Okay, I’ll admit it: I’ve never seen a bedbug. I couldn’t pick one out in a lineup. My family used DDT when I was growing up. It killed everything—it was a “broad spectrum insecticide”—but it was eventually banned as a toxic chemical. What followed was a variety of pesticides that targeted only certain bugs.
Bedbugs are remarkably resourceful. They’re good travelers and can survive for nearly a year without eating. Following DDT’s demise, new pesticides don’t particularly faze them. Human blood is their favorite meal. Pre-dawn is when they like to eat. Consequently, bedbugs prefer to dine where humans are most likely to be found at that hour: in bed. Beds that frequently substitute humans are the most susceptible to infestation. Guests in some of the world’s finest hotels have brought bedbugs with them, in their clothing, on their person, or in their luggage. Following check-out, they provide ready transport to other hotels or their own homes.
In the past month, four of my friends have returned from business trips with significant bedbug tracks on their arms or legs. Bedbug bites are nasty red welts that usually appear in jagged track lines; they itch like crazy, and scratching them can lead to serious infection. They can be treated effectively with cortisone, ammonia (bug-bite stick applicators) or with oral antihistamines.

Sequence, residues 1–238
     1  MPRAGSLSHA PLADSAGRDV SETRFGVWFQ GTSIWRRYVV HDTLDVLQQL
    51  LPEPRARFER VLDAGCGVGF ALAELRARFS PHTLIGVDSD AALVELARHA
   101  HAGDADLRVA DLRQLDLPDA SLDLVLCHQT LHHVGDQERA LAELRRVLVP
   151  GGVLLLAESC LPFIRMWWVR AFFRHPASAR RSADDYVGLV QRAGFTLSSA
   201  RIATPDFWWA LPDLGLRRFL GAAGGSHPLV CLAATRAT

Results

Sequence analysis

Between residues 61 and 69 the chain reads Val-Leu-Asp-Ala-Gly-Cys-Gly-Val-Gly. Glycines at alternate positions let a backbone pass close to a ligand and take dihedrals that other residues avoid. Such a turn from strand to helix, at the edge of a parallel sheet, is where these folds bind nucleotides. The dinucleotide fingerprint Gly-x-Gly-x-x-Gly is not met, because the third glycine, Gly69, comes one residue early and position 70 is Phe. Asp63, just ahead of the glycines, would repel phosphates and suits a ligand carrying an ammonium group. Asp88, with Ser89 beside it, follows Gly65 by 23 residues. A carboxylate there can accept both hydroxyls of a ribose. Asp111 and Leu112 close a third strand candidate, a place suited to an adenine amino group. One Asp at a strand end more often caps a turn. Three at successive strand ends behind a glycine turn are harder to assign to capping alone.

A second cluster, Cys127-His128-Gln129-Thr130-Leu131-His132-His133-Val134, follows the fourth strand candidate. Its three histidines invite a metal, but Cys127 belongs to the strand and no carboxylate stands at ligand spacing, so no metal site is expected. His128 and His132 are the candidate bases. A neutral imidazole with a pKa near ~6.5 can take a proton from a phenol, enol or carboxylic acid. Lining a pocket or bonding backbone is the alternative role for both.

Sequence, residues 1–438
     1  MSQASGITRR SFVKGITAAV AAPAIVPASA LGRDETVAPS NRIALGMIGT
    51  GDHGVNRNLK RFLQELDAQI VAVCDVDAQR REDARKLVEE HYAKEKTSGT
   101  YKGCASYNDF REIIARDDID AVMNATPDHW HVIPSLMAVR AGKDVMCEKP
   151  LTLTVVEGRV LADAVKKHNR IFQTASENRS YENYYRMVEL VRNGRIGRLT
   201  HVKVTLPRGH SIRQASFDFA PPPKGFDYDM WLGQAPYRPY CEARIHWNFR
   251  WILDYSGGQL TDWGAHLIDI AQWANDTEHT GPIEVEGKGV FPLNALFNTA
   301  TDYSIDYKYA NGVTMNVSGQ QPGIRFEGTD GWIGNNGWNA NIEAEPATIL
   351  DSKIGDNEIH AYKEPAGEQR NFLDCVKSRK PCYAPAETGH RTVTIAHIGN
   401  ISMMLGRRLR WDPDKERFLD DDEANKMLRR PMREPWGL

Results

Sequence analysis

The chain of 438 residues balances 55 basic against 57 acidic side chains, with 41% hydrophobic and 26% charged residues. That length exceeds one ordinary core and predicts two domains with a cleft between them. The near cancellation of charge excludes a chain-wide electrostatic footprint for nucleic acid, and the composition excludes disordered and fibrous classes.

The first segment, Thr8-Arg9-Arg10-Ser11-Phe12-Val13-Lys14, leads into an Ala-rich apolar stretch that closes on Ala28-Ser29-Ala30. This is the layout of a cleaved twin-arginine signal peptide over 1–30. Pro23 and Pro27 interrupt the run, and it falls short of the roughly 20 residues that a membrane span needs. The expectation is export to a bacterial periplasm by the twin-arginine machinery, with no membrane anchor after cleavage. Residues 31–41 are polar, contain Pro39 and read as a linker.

Bedbugs are about a quarter-inch long, medium to dark in color. They love to hide in the seams of beds, the lining of suitcases and clothing, which can be washed in a detergent using hot water.
Here are a couple of tips: Keep your suitcase off the floor and zipped in your hotel room. Visibly check for the presence of bed bugs on the mattress. Take action when you have any suspicion that you may have been bitten. Exterminators are successfully using extreme heat to “fry” the little critters. Final word: Be cautious, but know that the current situation is an epidemic. Do what you can to keep them from spreading. And don’t be embarrassed if you’re a victim: You are in very good company.